the chances are nil for the existence of a set of ‘living’ states for which one can find a nutrient of such nature that interaction

alwaysleads to multiplication.

The problem is that he fixed the decomposition of the Hilbert space as a tensor product

*before* choosing the time evolution operator . There is no good reason to do that. It only makes sense split up a physical into parts this way after we have some idea of what the dynamics is. An abstract Hilbert space doesn’t come with a favored decomposition as a tensor product into three parts!

If we let ourselves pick this decomposition *after* picking the operator , the story changes completely. My paper shows:

Theorem 1.Let , and be finite-dimensional Hilbert spaces with . Suppose is any unitary operator, suppose is any subspace of , and suppose is any unit vector in Then there is a unitary isomorphismsuch that if we identify with using , the operator maps into .

In other words, if we allow ourselves to pick the decomposition after picking , we can always find a ‘living organism’ subspace of any dimension we like, together with a ‘nutrient plus environment’ state that allows our living organism to reproduce.

However, if you look at the proof in my paper, you’ll see it’s based on a kind of cheap trick (as I forthrightly admit). Namely, I pick the ‘nutrient plus environment’ state to lie in , so the nutrient actually consists of another organism!

This goes to show that you have to be very careful about theorems like this. To prove that life is improbable, you need to find some *necessary* conditions for what counts as life, and show that these are improbable (in some sense, and of course it matters a lot what that sense is). Refuting such an argument does not prove that life is probable: for that you need some *sufficient* conditions for what counts as life. And either way, if you prove a theorem using a ‘cheap trick’, it probably hasn’t gotten to grips with the real issues.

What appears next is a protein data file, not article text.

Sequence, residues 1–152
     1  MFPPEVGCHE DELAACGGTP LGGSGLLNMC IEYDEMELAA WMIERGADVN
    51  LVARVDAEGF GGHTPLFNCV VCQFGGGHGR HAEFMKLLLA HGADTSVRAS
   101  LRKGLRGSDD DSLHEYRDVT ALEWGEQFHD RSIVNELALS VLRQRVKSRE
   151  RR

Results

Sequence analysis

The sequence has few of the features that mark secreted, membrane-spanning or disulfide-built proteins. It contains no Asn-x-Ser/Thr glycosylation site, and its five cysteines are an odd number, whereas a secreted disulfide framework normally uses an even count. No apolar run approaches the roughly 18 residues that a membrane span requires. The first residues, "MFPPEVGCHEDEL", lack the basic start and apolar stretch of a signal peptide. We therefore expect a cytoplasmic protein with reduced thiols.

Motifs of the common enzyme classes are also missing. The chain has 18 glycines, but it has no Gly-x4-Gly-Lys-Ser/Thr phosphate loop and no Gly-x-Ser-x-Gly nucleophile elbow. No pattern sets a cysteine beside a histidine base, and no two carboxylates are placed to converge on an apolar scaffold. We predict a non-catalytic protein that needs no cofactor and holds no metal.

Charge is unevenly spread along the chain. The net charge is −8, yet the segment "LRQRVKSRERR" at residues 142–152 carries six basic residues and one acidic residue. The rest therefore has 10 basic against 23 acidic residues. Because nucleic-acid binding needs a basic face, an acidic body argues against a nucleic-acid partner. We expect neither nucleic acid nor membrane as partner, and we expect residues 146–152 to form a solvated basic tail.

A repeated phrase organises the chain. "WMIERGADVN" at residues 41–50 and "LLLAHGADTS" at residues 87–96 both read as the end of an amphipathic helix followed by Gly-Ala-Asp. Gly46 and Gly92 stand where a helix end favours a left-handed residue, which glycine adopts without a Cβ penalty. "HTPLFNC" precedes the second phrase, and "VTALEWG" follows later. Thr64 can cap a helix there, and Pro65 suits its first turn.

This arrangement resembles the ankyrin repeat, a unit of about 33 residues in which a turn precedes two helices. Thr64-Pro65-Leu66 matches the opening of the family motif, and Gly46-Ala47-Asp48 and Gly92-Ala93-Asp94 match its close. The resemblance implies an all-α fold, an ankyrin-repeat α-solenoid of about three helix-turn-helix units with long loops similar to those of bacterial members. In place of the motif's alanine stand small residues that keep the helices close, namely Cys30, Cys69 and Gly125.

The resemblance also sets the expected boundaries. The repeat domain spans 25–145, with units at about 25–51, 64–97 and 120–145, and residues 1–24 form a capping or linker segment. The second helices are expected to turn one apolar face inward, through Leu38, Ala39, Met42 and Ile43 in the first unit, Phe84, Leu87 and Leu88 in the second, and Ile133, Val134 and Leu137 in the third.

I also show that as the dimension of approaches infinity, the probability approaches 1 that we can get reproduction with a 1-dimensional ‘living organism’ subspace and a ‘nutrient plus environment’ state that lies in orthogonal complement of . In other words, the ‘nutrient’ is not just another organism sitting there all ready to go!

More precisely:

Theorem 2.Let , and be finite-dimensional Hilbert spaces with . Let be the set of unitary operators with the following property: there’s a unit vector , a unit vector , and a unitary isomorphismsuch that if we identify with using , the operator maps into . Then the normalized Haar measure of approaches 1 as .

Here is the orthogonal complement of ; that is, the space of all vectors perpendicular to .

I won’t include the proofs of these theorems, since you can see them in my paper.

Just to be clear: I certainly don’t think these theorems prove that life is probable! You can’t have theorems without definitions, and I think that coming up with a good general definition of ‘life’, or even supposedly simpler concepts like ‘entity’ and ‘reproduction’, is extremely tough. The formalism discussed here is oversimplified for dozens of reasons, a few of which are listed at the end of my paper. So far we’re only in the first fumbling stages of addressing some very hard questions.

All my theorems do is point out that Wigner’s argument has a major flaw: he’s choosing a way to divide the world into chunks of matter and the environment *before* choosing his laws of physics. This doesn’t make much sense, and reversing the order dramatically changes the conclusions.

By the way: I just started looking for post-1989 discussions of Wigner’s paper. So far I haven’t found any interesting ones. Here’s a more recent paper that’s somewhat related, which doesn’t mention Wigner’s work:

• Indranil Chakrabarty and Prashant, Non existence of quantum mechanical self replicating machine, 2005.